League of California Cities Supporting Package of Bills to Streamline Housing Production and Increas

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Contact: Eva Spiegel, (916) 658-8228
Aug. 23, 2017

FOR IMMEDIATE RELEASE
 

League of California Cities Supporting Package of Bills to Streamline Housing Production and Increase Funding for Affordable Housing During Final Weeks of Legislative Session

League Also Urging Amendments to Senate Bill 35 (Wiener) to Provide Safe Harbor for Pro-Housing Cities


Sacramento — With only weeks to go in the 2017 legislative session, today the League of California Cities® reiterated its support for a balanced package of legislation that will streamline housing approvals and construction and to increase funding for affordable housing.
 
Since the abolishment of redevelopment, local governments and the state have lost a key source of funding for affordable housing which need subsidies to be viable. The League strongly encourages the Legislature to maximize affordable housing funding, which could include acting on State Treasurer John Chiang’s call to go “big and bold” and pass a $6 to $9 billion housing bond.
 
At the same time, the League is urging amendments to one of the primary housing reform proposals — Senate Bill 35 (Wiener) — to ensure the bill is appropriately targeted and avoids unjustly penalizing many pro-housing cities in state in compliance with state housing laws.
 
“The housing affordability crisis is one of the greatest challenges facing working families and communities across the state,” said Carolyn Coleman, executive director of the League of California Cities. “Local governments recognize the important role we play in planning for and approving new housing, and we are actively engaged to help shape and pass state legislation that will streamline housing approvals and boost construction.”
 
The League is supporting the following bills:
  • Senate Bill 540 (Roth), the Workforce Housing Opportunity Zone, will create a more streamlined path for housing approvals and construction. Cities and counties would identify priority housing areas near jobs and transit, and conduct enhanced planning, environmental reviews and public engagement at the front end. This would eliminate the requirement for a project-by-project environmental review and shave an estimated one to two years off the development timeline.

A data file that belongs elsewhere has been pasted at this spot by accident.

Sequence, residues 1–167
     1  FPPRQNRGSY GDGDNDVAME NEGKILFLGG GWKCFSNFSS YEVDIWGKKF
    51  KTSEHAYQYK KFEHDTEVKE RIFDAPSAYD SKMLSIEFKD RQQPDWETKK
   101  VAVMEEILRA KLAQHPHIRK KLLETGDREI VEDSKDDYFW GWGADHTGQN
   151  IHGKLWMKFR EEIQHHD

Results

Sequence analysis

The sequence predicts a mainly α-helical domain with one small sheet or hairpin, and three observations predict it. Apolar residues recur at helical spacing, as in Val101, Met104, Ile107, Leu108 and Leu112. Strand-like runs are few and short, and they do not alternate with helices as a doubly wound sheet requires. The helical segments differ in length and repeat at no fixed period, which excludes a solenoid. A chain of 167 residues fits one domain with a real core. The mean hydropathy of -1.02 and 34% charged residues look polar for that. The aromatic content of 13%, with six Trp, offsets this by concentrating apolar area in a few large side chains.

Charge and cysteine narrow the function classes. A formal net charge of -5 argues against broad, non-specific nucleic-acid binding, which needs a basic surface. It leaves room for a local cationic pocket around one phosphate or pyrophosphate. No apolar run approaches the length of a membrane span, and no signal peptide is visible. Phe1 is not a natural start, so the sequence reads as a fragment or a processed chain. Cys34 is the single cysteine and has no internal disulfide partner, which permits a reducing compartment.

• Senate Bill 2 (Atkins), the Building Homes and Jobs Act, would generate hundreds of millions of dollars each year for affordable housing, emergency shelters and other housing needs via a $75 recording fee on specified real estate documents.
  • Senate Bill 3 (Beall), the Affordable Housing Bond Act of 2018, would put a $3 billion general obligation bond on the November 2018 ballot to fund affordable housing and infill infrastructure projects.
To protect pro-housing communities, the League has asked that Senate Bill 35 be amended to provide a safe harbor for cities that are approving housing and meeting strict state housing laws.  
 
“We believe we can take steps to streamline the housing approval process without eroding local input or important environmental safeguards,” concluded Coleman. “We also look forward to working with the Legislature and Gov. Jerry Brown to adopt a robust affordable housing funding package that reflects the magnitude of the problem.”

Established in 1898, the League of California Cities is a nonprofit statewide association that advocates for cities with the state and federal governments and provides education and training services to elected and appointed city officials.
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